Book Review: Patton’s Spaceship by John Barnes




Patton’s Spaceship combines noir, time travel, alien invasion, and alternate history into good old-fashioned pulp adventure. Mark Strang is a former art historian turned private investigator, intent on revenge. While on a case, he finds himself cast into the past of an alternate history where Germany won WWII. This is not the most original of alternate history settings, being practically a genre all of its own, but Barnes has fun with the tropes and there is a certain degree of realism to his fallen America. The use of JFK and, of course, Patton is reasonably thought out and amusing.


Barnes has also developed his larger time travel universe. This is not a novel deeply interested in the intricacies of time travel, but it is filled with various time traveling factions originating in multiple versions of history, and multiple times. It is a richly detailed background that is easily capable of sustaining further novels in the Timeline Wars Series. This is a massive canvas that later novels will take to an alternate colonial America, and an alternate Rome.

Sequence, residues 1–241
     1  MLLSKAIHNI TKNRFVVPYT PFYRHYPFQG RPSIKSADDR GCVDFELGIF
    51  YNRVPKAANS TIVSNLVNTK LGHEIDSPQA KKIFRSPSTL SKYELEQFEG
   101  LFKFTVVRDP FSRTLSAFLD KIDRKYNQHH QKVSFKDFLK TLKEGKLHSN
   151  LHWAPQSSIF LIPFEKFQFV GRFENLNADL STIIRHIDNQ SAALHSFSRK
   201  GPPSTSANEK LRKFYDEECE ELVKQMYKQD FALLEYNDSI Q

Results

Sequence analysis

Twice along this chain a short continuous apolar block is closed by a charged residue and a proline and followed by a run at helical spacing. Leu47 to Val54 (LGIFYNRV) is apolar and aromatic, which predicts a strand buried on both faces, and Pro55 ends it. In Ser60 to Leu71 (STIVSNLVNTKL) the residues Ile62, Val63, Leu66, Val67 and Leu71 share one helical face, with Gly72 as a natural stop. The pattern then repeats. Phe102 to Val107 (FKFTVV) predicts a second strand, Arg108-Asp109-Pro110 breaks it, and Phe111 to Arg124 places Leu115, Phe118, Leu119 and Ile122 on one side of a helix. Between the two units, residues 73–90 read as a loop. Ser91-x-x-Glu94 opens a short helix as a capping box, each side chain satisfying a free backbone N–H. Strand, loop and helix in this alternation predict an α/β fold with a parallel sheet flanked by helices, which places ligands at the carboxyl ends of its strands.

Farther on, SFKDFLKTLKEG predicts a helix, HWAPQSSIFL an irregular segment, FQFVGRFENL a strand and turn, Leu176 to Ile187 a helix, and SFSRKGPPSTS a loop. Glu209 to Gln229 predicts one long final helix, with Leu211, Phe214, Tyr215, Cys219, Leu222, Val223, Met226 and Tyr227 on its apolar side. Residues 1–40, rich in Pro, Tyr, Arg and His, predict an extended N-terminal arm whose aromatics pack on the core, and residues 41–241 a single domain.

Patton’s Spaceship is clearly the opening novel in a trilogy and is in some respects most interested in setting up its concepts and introducing its lead character. It does both quite well. This is not a dense novel of ideas, however, but more of a pulp cold war story waged across dimensions and time. This is not a bad thing. I enjoyed it immensely and I intend to seek out the other two novels in the series. A fun, quick read.


***Received copy from NetGalley for review


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